These mortgages, if made after 1 April 1998, will trigger first registration of title.
Mortgages made prior to this date should have been registered at the Land Charges Registry as a Class C(i) land charge if they wished to have priority over other charges.
Today the creation of a mortgage will always act as a trigger for compulsory registration of the title.
12.3.2 The Creation of Equitable Mortgages
1. There are many different forms of equitable mortgage. These are some examples:
A mortgage of a borrower’s equitable interest in land – this must be equitable because the borrower only has an equitable estate, e.g. a beneficial interest under a trust of land.
An informal or incomplete mortgage of a legal estate in land – e.g. a defect in the creation of a legal mortgage or failure to register the charge at the Land Registry.
An equitable charge – land charged with an obligation, such as the repayment of a debt, but unlike a mortgage no property passes to the chargee, only the right to sue for the debt.
Mortgage by deposit of documents of title, coupled with a written and signed contract of loan. Prior to the LP(MP) Act 1989 a mortgage could be created by depositing title deeds without the need for written documents (Russel v Russel (1783)). Today there must be a written contract.
12.4 Protection for the Borrower/Mortgagor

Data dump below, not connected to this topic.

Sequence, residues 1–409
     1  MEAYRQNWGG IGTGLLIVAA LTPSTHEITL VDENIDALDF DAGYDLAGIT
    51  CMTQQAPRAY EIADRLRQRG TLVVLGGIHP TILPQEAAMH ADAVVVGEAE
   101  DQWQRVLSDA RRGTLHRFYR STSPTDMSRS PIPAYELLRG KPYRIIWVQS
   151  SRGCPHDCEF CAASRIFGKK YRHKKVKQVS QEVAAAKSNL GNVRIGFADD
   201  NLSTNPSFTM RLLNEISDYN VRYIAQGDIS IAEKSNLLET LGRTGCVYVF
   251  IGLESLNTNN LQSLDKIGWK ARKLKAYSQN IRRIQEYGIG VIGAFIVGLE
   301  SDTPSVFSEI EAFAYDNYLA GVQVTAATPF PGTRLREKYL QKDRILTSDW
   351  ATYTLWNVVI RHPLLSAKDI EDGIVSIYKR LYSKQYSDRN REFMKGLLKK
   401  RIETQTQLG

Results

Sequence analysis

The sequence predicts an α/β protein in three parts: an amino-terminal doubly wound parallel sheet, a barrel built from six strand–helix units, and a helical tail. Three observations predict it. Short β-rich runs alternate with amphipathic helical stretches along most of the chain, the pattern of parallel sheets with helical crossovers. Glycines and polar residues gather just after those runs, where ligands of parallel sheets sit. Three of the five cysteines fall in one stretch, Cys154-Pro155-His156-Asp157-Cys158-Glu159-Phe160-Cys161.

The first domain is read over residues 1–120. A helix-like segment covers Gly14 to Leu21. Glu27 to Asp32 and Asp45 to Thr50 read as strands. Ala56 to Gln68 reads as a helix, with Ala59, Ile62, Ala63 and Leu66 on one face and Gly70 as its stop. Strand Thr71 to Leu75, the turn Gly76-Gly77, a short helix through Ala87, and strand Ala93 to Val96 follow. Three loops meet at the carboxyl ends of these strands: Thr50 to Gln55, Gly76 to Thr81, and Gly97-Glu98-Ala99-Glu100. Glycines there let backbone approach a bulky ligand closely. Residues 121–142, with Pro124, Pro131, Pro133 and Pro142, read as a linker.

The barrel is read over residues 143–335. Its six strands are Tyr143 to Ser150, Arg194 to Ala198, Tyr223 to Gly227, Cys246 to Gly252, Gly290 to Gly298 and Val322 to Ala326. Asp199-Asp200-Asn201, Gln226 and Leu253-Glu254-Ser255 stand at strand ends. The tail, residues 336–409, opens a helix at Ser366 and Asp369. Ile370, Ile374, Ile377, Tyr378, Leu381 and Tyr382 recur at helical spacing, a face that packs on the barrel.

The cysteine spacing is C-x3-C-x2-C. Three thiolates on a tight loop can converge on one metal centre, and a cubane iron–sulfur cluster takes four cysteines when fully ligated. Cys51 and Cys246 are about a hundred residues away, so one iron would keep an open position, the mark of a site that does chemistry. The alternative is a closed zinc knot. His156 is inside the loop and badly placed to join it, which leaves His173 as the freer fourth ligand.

1. There are four main ways that equity has attempted to protect the mortgagor:
protecting the equitable right to redeem;
striking down oppressive interest rates;
preventing extortionate credit bargains;
preventing unfair collateral advantages.
12.4.1 Protecting the Equitable Right to Redeem
1. The mortgagor has the right to redeem the mortgage on the contractual date for redemption.
2. Equity gave the mortgagor the right to redeem after the date for redemption had passed and the legal right to redeem was lost.
4. Attempts to postpone the contractual date for redemption may be struck down where it results in reduction of value of the asset, e.g. a leasehold property (Fairclough v Swan Brewery Co Ltd (1912)).
12.4.2 Oppressive Interest Rates
1. Mortgagees can reserve to themselves the right to vary the interest at any time.
2. Control by the courts of oppressive interest rates depends largely on their inherent jurisdiction to declare any mortgage term ‘void’ if it is ‘oppressive’ or ‘unconscionable’.
3. When the court reviews interest rates, they will only vary them if it sees the mortgagor is in a weaker bargaining position than the mortgagee (Cityland and Property (Holdings) Ltd v Dabrah (1968)).
4. A borrower of ‘intelligence’ and a ‘man of business’ could not successfully challenge an interest rate of 75% (Carringtons Ltd v Smith (1906)).
5. There is no objection in principle to the index-linking of mortgage commitments (Multiservice Bookbinding Ltd v Marden (1979)).
12.4.3 Extortionate Credit Agreements
1. Protection for mortgagors against unconscionable credit agreements is provided by the Consumer Credit Act 1974.